Going to the ballgame with GoofBoy the other day brought back an odd memory.
I haven't gone to many Major League Baseball games in the past twenty years - since the strike year when they cancelled the World Series. In particular I stayed away from Camden Yards because, while it was beautiful, I grew up loving baseball in Memorial Stadium. The first time I went to Camden Yards, sometime in the 1990s, I only recognized one participant - and it wasn't a player - it was former Oriole outfielder Al Bumbry, who was a coach. I have fond memories of Al Bumbry. (The picture comes from the Orioles Cards Blog, which cannot view too much since it makes me misty-eyed.)
When I was a little boy my mom dropped my brother and I off at the Randallstown library where went to a basement room to meet Oriole centerfielder Al Bumbry.
Everything about that statement stuns me in retrospect. My mom just dropped me off (I was less than 10), with my brother (four years younger) in my charge. And we met a major league ball player in the basement room of a public library, at no charge. Is any part of that statement still possible?
Someone asked Mr. Bumbry a question about Oriole catcher Rick Dempsey. Bumbry replied and mentioned that Dempsey was the second best defensive catcher in the league and asked if anyone knew who was the best.
I piped up, "Jim Sundberg of the Texas Rangers."
"That's right," Bumbry replied.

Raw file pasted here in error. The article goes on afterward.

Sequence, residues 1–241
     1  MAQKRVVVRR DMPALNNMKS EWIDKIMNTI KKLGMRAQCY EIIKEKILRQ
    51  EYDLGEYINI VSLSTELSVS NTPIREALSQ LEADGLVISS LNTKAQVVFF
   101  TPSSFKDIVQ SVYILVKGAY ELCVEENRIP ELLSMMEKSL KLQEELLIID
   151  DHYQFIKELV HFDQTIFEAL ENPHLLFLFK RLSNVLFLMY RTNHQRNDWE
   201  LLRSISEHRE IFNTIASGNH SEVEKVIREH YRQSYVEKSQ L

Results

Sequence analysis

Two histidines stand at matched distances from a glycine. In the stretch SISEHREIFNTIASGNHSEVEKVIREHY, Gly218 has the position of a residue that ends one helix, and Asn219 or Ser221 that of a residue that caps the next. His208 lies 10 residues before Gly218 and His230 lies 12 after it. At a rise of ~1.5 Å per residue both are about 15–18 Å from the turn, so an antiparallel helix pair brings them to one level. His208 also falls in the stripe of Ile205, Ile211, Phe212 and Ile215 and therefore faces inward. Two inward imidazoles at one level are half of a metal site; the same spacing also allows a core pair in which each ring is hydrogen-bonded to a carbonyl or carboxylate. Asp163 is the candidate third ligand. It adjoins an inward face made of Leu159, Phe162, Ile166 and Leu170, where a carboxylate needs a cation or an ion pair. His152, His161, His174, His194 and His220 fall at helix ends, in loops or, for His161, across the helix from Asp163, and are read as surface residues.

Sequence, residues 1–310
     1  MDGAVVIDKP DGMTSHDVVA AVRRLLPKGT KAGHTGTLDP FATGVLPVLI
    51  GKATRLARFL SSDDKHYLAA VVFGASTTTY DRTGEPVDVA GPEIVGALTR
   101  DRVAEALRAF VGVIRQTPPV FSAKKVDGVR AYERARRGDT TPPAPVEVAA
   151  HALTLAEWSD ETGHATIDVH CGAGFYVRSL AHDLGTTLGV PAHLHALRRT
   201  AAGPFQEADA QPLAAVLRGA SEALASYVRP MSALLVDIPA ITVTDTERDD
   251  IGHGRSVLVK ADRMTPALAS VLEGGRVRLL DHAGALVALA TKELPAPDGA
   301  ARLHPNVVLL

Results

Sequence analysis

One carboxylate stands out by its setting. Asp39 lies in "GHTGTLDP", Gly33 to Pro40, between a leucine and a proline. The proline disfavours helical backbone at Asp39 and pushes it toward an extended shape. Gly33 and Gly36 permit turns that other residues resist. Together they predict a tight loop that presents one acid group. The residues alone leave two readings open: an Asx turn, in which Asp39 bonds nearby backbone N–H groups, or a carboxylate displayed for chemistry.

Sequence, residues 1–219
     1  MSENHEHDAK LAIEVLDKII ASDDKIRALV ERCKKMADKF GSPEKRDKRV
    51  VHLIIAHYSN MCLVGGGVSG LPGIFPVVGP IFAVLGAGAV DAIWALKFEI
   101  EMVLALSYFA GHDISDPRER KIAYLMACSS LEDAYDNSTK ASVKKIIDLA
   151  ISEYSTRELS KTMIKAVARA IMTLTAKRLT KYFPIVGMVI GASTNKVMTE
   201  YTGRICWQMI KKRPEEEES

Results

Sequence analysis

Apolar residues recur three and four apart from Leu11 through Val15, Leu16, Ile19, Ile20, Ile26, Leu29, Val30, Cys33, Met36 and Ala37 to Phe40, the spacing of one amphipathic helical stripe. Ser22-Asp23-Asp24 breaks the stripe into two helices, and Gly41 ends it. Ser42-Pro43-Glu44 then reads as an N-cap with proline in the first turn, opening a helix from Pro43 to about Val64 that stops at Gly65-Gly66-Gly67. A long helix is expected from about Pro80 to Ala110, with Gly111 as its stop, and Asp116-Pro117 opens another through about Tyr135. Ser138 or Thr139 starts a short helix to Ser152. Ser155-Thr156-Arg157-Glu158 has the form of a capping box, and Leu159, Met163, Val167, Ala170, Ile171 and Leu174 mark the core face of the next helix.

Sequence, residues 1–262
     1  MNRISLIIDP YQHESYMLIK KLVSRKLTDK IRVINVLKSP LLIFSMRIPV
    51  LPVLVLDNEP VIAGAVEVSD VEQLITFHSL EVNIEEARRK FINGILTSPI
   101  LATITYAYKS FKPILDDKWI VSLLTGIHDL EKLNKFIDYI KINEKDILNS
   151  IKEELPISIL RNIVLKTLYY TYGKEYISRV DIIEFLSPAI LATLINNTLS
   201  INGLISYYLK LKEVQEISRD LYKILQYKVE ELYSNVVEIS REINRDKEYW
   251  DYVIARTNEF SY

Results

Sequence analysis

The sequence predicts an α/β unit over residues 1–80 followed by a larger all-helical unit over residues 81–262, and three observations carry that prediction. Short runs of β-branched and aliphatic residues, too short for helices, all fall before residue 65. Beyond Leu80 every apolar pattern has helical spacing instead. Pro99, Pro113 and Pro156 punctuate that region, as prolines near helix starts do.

My brother grinned proudly, "My brother knows all that stuff!"
I remember Bumbry nodding towards us, smiling, and saying, "I'll bet he does."
Maybe he just favored us with a friendly grin. Either way, it was big. As an elder brother I was terrible. My attitudes towards my sibling ranged from utter ambivalence to sheer cruelty. I never stuck up for him, played with him, or gave him attention. I was also incredibly weird and gave him no glory reflected glory to bask in. But, for that one moment, in the basement of the Randallstown Library it was great to be my little brother.
I have another memory of Al Bumbry. In 1979, after the Orioles defeated the Angels to win the American League pennant, TV reporters entered the Oriole locker room. Al Bumbry was there, sitting on top of some lockers, grinning and unwilling to come down. He was intoxicated, I assumed he was drunk but it was the late 70s so who knows? But I need to emphasize, I was not disturbed by this at all.
Alcoholism, of course, is a very sad thing. But I didn't think Al Bumbry was an alcoholic. My thinking was quite simple: the Orioles had just won the pennant, which to my 9 year old mind was, on the scale of human achievement, on par with the Moon Landing. It seemed entirely appropriate to me that after something like that an adult who is so inclined might "tie one on."
The next year, 1980, Bumbry had a fantastic season - the best of his career. Moderation in all things.